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Addressing social determinants with higher standards

The CARF standards confront barriers of access, capacity, and social determinants that weaken outcomes for providers and the persons they serve.

Social determinants of health (SDH) are the conditions in which people live, work, and age and include factors like housing stability, employment status, geographic location, education, and other socioeconomic circumstances. SDH, often determined by distribution of wealth and resources, has proven responsible for inequities in healthcare and has become its biggest cost-driver. And this inequity is proving very costly; some $111 billion in health-related costs in the next decade will be the direct result of unstable home conditions, according to a study published by Children’s HealthWatch at Boston Medical Center.

This relationship between SDH and health is continually monitored by the World Health Organization (WHO). WHO’s position is that unjust and avoidable inequalities in environmental risks, between and within countries, call for relevant policies and interventions to mitigate and reduce risk in the affected population groups. Echoing WHO initiatives, Healthy People 2020 has established and reports on its ten-year national objectives for SDH, with the goal of creating better health across the U.S.

These global and national initiatives aim high, but the disparity in healthcare is most prevalent at the community level, and it’s the providers of health and human services who are directly absorbing the high cost and are expected to address SDH on the frontline. “Social determinants of health are no longer a novelty; they are part of a comprehensive strategy to deliver quality, affordable healthcare,” writes Margaret A. Murray, CEO of the Association for Community Affiliated Plans, in Modern Healthcare. “Collaboration between health plans, providers, state agencies, and the federal government should be the norm, not the exception.”

Providers can turn to the CARF standards for guidance in confronting barriers of access, capacity, and social determinants that can weaken service outcomes. Outcomes- and evidence-informed service delivery involves addressing the unique, changing needs of individuals across ages and life situations. As persons served transition through life milestones related to behavioral health, disability, and medical rehabilitation, their services must adapt. Any transition can pose barriers that affect service delivery and, ultimately, a person’s quality of life and outcomes. CARF’s accreditation model is ideally constructed to address these barriers and to help maintain service continuity.

CARF accredits programs that serve individuals across the lifespan. The field review and standards development process ensures that evidence-based practices related to service integration, transitions, and population specialization are written into all areas of the standards.

“We have been developing quality standards for services that address social needs since our inception,” says Debbi Witham, CARF’s managing director of public policy. “Our standards are designed to encourage organizations to include this in their planning. For instance, the standards related to accessibility planning include financial, attitudinal, transportation, and other barriers related to social needs that may impact an individual’s ability to access services that may improve their health and community functioning.”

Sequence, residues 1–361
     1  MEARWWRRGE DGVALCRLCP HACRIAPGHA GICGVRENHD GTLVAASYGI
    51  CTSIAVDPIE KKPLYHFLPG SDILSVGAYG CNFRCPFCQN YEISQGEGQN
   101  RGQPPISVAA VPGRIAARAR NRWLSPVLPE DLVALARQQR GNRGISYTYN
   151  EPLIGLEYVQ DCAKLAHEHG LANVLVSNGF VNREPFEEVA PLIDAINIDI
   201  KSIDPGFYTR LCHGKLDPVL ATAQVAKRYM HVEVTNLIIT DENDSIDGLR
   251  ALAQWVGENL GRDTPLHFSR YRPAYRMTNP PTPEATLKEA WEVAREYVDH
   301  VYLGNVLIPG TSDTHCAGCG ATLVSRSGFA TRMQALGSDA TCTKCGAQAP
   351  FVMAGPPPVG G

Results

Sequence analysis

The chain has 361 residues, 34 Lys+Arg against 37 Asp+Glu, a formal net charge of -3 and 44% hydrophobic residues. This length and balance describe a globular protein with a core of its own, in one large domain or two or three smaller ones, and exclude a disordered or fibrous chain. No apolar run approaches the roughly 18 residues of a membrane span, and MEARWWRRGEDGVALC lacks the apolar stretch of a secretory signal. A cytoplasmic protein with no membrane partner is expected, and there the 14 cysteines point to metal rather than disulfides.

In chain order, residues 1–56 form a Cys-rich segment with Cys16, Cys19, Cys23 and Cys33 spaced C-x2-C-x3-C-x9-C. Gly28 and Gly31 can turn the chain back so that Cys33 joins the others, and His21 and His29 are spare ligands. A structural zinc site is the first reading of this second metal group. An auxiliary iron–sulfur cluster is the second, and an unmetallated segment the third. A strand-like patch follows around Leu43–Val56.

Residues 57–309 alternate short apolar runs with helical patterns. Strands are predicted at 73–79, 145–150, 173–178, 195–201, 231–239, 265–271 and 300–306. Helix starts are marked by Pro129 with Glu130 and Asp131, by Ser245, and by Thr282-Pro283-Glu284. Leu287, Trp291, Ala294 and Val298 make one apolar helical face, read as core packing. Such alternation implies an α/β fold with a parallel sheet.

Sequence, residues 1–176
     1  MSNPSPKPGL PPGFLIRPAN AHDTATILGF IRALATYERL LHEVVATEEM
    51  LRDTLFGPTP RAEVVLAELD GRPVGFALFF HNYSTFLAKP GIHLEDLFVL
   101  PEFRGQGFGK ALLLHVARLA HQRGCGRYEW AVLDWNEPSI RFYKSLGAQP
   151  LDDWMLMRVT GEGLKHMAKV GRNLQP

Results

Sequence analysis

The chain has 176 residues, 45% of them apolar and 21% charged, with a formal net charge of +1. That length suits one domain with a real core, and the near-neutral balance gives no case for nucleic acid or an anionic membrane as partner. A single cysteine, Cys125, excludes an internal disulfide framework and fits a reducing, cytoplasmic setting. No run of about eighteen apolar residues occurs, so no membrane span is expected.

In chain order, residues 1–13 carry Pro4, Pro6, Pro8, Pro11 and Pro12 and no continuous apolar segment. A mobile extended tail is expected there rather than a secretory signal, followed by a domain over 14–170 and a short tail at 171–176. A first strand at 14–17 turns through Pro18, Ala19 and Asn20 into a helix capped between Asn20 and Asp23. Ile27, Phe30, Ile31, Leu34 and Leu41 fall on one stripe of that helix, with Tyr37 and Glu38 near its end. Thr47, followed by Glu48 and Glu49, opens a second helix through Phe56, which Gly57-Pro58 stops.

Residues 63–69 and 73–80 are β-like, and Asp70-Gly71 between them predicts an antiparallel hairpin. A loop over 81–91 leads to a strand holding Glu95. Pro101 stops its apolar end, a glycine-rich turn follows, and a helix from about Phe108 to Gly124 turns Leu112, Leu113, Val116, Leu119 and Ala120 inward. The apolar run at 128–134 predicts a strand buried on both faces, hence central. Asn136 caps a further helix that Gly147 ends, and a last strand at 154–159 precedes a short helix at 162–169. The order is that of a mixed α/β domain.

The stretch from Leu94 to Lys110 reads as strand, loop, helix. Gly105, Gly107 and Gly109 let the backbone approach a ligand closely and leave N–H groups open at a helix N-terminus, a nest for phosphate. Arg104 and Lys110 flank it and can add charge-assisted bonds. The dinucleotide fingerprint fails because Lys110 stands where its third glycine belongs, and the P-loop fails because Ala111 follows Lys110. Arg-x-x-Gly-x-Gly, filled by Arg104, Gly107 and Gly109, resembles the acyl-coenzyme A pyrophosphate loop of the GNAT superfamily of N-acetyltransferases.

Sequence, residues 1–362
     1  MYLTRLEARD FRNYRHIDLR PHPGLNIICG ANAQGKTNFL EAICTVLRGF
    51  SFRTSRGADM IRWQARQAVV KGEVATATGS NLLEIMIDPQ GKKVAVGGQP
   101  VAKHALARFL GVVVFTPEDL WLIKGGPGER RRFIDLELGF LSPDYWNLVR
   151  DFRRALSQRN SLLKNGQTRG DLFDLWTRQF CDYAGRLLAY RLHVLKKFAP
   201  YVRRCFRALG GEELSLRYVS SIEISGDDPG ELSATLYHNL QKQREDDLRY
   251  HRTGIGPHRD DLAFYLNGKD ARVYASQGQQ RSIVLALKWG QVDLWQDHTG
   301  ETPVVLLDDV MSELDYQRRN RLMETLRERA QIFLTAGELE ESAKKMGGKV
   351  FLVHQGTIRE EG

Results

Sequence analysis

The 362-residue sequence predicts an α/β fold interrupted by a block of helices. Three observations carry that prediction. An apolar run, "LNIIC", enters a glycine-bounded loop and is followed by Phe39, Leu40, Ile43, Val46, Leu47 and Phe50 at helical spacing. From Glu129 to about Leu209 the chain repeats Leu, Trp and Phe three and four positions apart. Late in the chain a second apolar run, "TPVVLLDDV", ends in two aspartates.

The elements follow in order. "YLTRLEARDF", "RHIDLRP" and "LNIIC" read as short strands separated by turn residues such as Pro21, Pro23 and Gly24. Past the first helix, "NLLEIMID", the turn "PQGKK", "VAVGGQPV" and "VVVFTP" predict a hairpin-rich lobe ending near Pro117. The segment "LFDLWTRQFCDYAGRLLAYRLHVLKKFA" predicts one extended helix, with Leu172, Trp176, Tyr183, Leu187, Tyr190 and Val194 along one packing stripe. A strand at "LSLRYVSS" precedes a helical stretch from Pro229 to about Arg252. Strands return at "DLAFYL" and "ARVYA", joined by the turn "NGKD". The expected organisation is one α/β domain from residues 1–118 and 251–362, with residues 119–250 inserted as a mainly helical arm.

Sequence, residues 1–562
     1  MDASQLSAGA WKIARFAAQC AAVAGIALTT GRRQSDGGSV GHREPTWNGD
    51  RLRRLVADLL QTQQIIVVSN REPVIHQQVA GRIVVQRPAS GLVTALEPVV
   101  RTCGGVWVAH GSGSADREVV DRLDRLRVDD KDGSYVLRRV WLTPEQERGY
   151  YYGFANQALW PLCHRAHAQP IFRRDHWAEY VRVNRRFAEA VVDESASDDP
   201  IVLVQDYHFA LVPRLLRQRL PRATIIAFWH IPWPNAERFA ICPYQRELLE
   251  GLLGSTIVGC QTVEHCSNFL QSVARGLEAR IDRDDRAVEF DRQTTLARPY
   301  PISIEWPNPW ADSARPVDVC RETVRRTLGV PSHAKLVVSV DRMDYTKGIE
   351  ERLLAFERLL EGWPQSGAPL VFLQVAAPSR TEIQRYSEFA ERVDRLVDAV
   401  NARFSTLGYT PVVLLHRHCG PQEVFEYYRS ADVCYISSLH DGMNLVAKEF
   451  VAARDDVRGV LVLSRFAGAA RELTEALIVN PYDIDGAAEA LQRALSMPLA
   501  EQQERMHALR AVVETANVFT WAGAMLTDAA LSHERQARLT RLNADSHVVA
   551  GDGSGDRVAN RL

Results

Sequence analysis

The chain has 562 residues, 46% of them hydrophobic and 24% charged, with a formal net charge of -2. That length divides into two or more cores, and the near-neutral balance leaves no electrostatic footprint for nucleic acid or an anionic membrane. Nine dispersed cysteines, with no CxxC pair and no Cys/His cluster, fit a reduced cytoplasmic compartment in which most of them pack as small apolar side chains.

CARF standards require accredited programs to examine the needs of the community when developing services. These needs should inform strategic planning efforts and how outcomes and improvement data are collected. CARF’s General Program/Care Process standards support and guide organizations to better understand and stratify the needs of the population served and create collaborative relationships with community resources.

The accreditation process also connects providers with expert peers across the global health and human services community. CARF surveyors bring expertise from their own programs and offer insight and consultation stemming from hands-on experience in similar communities.

CARF works with more than 2,700 providers accredited for programs that target SDH, many in conjunction with social services that encourage a holistic health perspective. Although the concept and practice of assessing and addressing SDH appears in the ASPIRE Performance Measurement, Management, and Improvement standards, CARF does accredit specific programs that deal more directly with SDH, including:

  • Case Management/Services Coordination
  • Community Housing
  • Community Integration
  • Crisis Intervention
  • Crisis Stabilization
  • Employee Assistance
  • Health Home
  • Home and Community Services
  • Supported Living
  • Rapid Rehousing and Homelessness Prevention Program
  • Foster Family and Kinship Care

Witham says CARF will continue to concentrate on improving healthcare quality for persons served with a strong focus on social needs. “These services have not historically been purchased through traditional healthcare payment systems. However, that’s changing, and many payers are struggling with how to identify quality in those services and realize an effective return on investment. CARF’s standards and accreditation process can help payers identify quality services delivered by organizations with efficient business practices and performance management systems that focus on ensuring a strong ROI.” Deploying data-driven systems and tools, providers can effect real change—locally and globally—in reducing SDH-related barriers and improving outcomes for persons served.

For a full list of CARF program descriptions, visit www.carf.org/accreditation/programs.